Bike Route Planning

When I moved to Toronto, I found that it’s a great place to explore by bike, although it took me a little while to figure out the best ways to plan my trips.

This is an ongoing list with resources I use to plan day trips, overnighters, and bike tours.

Google Maps

Probably a no-brainer for everyone, it took me a long time to realize how good Google Maps can be for bike routing. The secret is in turning on the Bicycling data layer. To do that on your desktop, click the “more” menu icon in the search field on Google Maps, and you’ll see a “Bicycling” option. On the Google Maps mobile app, it’s under a button that looks like two stacked sheets of paper. Once you turn that on, you get two really useful views.

Bike-friendly streets in Toronto
Bike-friendly streets in Toronto

The first one is what you’d expect from Google Maps – a view of which streets are good for biking in a city. This is certainly useful, but the real magic for planning is when you start zooming out.

Zooming out to show southern Ontario
Zooming out to show southern Ontario

In this view, you can see promising routes to cover some long distances. This is how I discovered the Chippewa Trail which I used on an overnight camping ride to the north shore of Lake Erie. If I hadn’t found this rail trail on Google Maps I probably would have scouted for some decently quiet county roads using Google Street View.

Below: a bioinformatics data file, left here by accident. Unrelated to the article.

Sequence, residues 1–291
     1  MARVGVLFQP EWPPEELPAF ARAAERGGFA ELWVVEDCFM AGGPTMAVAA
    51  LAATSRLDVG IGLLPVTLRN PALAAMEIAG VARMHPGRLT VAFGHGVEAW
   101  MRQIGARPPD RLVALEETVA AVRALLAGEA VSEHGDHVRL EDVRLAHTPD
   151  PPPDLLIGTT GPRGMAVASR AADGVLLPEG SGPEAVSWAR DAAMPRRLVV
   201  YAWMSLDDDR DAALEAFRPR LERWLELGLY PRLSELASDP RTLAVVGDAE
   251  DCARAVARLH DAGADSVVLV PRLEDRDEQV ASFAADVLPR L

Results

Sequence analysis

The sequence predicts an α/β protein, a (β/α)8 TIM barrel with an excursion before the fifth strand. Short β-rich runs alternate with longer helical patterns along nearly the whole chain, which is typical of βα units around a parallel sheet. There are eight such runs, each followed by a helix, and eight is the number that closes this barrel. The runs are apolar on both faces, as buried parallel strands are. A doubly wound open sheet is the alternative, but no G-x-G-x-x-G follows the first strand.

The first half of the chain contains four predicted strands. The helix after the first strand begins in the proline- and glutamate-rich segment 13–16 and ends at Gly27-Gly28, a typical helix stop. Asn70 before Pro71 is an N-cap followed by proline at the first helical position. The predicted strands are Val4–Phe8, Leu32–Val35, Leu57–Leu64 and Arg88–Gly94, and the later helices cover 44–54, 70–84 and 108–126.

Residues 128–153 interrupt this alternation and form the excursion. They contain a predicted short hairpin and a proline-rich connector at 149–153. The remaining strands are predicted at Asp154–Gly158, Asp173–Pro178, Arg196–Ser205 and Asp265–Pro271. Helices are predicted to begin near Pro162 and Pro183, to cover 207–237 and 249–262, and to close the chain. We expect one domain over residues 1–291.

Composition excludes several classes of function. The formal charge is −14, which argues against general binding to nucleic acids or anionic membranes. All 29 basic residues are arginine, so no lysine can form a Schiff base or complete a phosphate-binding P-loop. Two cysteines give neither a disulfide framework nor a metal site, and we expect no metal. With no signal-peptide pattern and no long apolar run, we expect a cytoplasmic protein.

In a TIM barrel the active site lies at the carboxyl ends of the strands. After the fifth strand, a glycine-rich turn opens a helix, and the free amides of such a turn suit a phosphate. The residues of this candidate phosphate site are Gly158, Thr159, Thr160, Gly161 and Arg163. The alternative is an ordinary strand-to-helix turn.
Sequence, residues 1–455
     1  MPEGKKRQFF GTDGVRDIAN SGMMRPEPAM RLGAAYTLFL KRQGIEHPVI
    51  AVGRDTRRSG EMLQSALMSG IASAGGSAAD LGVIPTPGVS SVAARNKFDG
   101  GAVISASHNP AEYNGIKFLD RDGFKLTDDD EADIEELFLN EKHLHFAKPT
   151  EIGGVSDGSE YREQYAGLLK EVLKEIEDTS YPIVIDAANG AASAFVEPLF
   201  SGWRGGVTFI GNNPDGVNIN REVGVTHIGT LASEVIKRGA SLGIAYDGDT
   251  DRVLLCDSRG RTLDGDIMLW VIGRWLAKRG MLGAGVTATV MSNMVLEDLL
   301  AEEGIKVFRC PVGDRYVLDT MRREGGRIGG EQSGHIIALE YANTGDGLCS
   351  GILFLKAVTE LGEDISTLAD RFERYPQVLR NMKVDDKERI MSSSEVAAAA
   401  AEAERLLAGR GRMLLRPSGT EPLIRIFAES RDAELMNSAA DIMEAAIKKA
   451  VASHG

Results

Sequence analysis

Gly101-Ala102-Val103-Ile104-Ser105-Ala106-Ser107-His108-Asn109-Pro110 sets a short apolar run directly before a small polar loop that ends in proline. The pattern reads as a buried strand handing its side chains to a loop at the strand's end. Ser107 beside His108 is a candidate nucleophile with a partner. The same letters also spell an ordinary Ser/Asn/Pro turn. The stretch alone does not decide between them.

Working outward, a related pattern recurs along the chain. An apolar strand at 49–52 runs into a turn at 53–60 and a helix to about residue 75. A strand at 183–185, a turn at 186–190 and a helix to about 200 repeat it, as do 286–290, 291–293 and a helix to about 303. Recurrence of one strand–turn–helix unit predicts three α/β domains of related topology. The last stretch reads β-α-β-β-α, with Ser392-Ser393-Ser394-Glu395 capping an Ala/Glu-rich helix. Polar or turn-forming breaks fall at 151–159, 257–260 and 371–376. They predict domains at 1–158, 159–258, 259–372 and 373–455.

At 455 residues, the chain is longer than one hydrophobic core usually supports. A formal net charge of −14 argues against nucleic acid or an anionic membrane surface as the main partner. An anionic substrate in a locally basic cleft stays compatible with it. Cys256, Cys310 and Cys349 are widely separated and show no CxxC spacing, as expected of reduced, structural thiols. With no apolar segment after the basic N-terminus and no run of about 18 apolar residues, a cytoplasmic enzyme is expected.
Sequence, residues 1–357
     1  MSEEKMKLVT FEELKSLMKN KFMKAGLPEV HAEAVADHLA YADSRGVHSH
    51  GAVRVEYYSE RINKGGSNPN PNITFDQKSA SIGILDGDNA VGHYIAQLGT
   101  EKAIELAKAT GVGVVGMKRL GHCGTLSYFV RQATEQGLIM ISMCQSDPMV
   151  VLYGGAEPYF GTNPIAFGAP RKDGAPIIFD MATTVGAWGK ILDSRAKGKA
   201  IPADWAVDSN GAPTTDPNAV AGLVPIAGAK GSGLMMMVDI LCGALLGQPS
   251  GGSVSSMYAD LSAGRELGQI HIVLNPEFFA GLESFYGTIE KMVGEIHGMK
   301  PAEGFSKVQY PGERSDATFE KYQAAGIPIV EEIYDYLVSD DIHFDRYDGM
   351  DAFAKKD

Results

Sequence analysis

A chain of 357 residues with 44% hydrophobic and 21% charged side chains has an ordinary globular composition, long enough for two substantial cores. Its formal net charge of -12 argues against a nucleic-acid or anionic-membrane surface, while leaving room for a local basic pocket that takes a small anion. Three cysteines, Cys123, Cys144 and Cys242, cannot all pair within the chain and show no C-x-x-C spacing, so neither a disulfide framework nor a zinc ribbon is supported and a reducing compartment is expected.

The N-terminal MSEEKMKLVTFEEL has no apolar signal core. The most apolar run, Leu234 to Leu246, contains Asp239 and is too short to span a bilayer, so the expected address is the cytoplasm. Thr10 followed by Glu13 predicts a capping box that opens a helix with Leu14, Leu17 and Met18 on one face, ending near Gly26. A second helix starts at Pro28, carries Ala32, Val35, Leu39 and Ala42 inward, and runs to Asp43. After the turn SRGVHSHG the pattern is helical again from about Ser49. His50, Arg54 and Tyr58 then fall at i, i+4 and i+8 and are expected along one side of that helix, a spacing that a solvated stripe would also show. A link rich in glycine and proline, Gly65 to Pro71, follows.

Google Street View
Google Street View of a trail crossing

Speaking of Google Street View, it’s also useful for inspecting trail conditions that don’t have street view details. For example, when I found the Chippewa Trail I wasn’t sure what kind of condition the trail was in. It could have been a jeep doubletrack, rough railroad gravel, fine gravel, fully paved, or some mix of the above. There was also some confusion online about how far south the trail actually extended. What I like to do is find areas where trails cross the road and check out the conditions at the crossing. Although it isn’t always perfect, this at least gives you a pretty good idea of what that section will look like.


Adventure Cycling Association Route Network

Adventure Cycling network
Adventure Cycling route map

This network of routes is perfect for planning anything from a weekend trip to an epic cross-country journey. The Adventure Cycling Association began in 1976 when they mapped the TransAmerica Bicycle Trail to celebrate America’s bicentennial. Since then they’ve routed over 48,629 miles of routes in North America. The routes are mostly on low-traffic roads, and they’ll sell you printed or digital maps with all the information you’d ever need to have a great tour.

Related: The Bike Across Canada Route Network Facebook group has a crowdsourced version of a route across Canada.


Bikepacking.com Routes

Bikepacking.com Routes Map
230+ routes around the world